Supreme: Blue Rose #1 and #2
Written by Warren Ellis
Illustrated and Colored by Tula Lotay
Lettering by Starkings
Design by John Roshell
There are comics that ease you into a new world, comics that drop you right into that world, and then there's Supreme: Blue Rose. After 2 issues I can't tell you exactly what's going on in this book, only that it's beautifully illustrated, complex, and very "Warren Ellis-y."
By way of background, Supreme was originally created by Rob Liefeld in the early 1990's as a Superman analogue. He was subsequently written by Alan Moore in a highly-regarded run (for which Moore won an Eisner award). More recently, Erik Larsen wrote the character. However, not having read any of those issues should not be a deterrent to pick this comic up. Because of the way this comic is structured thus far (as a mystery involving the character Supreme himself), a reader should be able to unravel the mysteries of the character at the same time the other characters within the story are doing so. Put another way, I'm not sure reading the prior Supreme stories will help you understand any better what's going on in this book.
I'm going to do a bit more plot summary than usual, but stick with me. It's important to understand just how complex this story is, especially if you're initially turned off by the Liefeld connection. This is not your father's Image book.
The first issue begins with an extended, somewhat surreal dream sequence where a woman (whom we learn is journalist Diana Dane) is talking with an unnamed man in a wheelchair, approaches a man wearing a helmet over his face (or which maybe is his face) who tells her all about his encounters of a red-headed woman from the future. The man in the wheelchair warns Diana "don't trust Darius Dax." Dane wakes up and is on her way to see wealthy industrialist Darius Dax (head of National Praxinoscope Company, or NPS), who works in the field of "tactical foresight" and specializes in "rare truths." He wants to hire Diana to investigate a mysterious crash of objects (including an enormous arch with the words "SUPREME" which now sits in his office) that took place upstate, and the connection between that crash and a man named Ethan Crane. By the end of issue 1, it appears that Diana has decided to take the job.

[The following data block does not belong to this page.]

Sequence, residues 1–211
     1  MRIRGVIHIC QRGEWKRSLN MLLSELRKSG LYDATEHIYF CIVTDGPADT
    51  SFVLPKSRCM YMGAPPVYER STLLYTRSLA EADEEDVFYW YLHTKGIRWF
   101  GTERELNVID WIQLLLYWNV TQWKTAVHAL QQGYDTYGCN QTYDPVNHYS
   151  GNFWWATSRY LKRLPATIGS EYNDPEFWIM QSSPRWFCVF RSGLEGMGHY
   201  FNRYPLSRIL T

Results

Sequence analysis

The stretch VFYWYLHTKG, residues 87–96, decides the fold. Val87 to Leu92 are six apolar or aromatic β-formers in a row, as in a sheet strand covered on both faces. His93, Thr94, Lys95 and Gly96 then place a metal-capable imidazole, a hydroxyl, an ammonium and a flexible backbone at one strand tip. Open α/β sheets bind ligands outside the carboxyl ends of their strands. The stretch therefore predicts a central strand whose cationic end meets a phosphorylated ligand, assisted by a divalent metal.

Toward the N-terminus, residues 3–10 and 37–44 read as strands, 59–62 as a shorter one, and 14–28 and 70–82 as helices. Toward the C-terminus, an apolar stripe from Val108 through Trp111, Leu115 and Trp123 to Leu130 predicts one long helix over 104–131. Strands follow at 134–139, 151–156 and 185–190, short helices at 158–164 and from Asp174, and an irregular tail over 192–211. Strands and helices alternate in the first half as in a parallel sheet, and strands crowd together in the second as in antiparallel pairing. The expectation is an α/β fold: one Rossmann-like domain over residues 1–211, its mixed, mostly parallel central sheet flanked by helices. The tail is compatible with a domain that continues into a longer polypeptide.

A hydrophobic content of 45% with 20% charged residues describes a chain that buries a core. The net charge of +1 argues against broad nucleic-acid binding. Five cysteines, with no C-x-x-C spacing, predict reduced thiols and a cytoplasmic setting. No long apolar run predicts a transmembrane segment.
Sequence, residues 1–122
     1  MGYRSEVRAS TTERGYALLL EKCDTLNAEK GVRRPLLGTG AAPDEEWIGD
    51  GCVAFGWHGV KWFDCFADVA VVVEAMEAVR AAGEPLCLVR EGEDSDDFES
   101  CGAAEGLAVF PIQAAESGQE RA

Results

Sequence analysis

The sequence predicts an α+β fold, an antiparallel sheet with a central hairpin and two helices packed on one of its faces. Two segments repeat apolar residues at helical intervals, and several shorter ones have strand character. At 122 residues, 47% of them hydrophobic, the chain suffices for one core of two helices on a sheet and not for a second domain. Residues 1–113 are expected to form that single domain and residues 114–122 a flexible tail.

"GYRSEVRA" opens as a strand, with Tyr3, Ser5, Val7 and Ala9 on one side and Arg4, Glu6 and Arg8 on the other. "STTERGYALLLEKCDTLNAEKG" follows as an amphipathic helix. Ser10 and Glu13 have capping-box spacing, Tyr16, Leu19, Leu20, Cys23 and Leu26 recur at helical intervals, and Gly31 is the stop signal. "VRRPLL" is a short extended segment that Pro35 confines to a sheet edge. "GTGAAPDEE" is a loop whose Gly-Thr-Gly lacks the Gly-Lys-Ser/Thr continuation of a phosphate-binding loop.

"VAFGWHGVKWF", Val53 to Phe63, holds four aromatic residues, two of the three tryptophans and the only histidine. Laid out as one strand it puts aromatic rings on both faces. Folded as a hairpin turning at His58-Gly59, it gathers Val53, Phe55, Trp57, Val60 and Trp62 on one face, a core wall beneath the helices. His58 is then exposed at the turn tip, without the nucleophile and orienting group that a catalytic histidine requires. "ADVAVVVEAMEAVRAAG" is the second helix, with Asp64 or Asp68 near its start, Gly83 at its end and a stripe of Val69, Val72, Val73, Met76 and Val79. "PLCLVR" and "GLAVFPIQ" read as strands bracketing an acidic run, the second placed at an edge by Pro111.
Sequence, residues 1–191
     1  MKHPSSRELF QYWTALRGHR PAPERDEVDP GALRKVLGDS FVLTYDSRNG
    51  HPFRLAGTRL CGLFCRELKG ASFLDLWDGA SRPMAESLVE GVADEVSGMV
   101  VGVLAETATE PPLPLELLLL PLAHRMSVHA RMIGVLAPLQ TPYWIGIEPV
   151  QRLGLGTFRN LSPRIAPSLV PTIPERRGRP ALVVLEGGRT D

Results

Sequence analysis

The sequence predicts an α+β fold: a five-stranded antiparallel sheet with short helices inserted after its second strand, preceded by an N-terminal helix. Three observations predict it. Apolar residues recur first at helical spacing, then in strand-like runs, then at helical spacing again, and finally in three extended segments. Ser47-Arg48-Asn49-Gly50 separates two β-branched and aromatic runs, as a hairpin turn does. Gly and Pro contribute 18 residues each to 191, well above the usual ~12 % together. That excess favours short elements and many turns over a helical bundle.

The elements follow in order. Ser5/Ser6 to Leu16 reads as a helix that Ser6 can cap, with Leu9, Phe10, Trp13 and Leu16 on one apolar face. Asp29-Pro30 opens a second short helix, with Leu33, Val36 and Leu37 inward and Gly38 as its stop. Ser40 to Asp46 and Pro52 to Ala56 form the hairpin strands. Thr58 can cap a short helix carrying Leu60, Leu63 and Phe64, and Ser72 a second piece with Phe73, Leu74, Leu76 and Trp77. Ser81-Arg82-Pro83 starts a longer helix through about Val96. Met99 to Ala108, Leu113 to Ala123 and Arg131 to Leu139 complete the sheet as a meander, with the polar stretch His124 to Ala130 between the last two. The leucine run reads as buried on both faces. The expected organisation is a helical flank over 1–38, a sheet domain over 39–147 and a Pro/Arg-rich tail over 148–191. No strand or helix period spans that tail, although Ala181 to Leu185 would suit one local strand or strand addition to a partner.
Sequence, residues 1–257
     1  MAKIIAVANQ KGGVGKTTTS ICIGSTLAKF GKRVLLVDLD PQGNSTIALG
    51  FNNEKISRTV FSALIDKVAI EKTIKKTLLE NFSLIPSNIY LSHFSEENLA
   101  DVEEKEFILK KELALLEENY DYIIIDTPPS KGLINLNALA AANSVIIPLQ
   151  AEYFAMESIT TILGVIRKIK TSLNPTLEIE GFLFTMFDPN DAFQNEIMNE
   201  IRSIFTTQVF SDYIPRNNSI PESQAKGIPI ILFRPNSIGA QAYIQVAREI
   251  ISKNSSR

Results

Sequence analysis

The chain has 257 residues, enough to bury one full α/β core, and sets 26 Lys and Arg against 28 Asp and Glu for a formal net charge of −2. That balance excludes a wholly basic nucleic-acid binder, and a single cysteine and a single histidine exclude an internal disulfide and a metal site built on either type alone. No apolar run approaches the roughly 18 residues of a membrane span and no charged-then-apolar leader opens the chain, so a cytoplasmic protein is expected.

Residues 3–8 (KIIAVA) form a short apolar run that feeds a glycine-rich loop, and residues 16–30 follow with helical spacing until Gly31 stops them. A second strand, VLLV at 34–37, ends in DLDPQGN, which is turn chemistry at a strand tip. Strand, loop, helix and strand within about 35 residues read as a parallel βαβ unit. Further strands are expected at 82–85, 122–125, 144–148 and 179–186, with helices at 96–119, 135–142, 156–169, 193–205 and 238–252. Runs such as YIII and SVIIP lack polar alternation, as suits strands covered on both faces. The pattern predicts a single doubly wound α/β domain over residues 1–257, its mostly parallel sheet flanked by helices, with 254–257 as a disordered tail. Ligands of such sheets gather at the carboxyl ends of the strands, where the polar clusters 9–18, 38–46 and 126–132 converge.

Issue 2 opens with another dream. This time there's an older man named Storybook Smith sitting on the deck of a house by the water. He's talking about, and then talking with, the same red-headed woman from the future (in issue 1), whom he knew long ago. The story then moves to Diana. A driver (named Linda, code named "Twilight Girl Marvel") shows up to drive Diana to her destination, a mysterious unknown city. As the car rides past a pedestrian, we follow the unusual pedestrian to inside a restaurant where Dr. Chelsea Henry, a mathematician and researcher who is working on a mathematical theory that will permit her to write enable her to communicate with the future, is explaining her work to a colleague. She's found an uptick in background radiation that can be graphed in a curve that goes ahead to the 30th century and back to a point approximately four months before the present. Chelsea is then shown at work in her office; she makes contact with the future, which proceeds to tell her that protection of the new time-frame is the supreme priority, and which proceeds to send some sort of probe back to the present. The story lastly moves back to Diana in the car. She's talking to Linda, who's only recently been assigned by NPS to be a driver. Normally she works on the Versioning Unit, which spends time thinking about alternate realities. As the issue ends, we see another dream and the return of another mysterious figure from early in the story.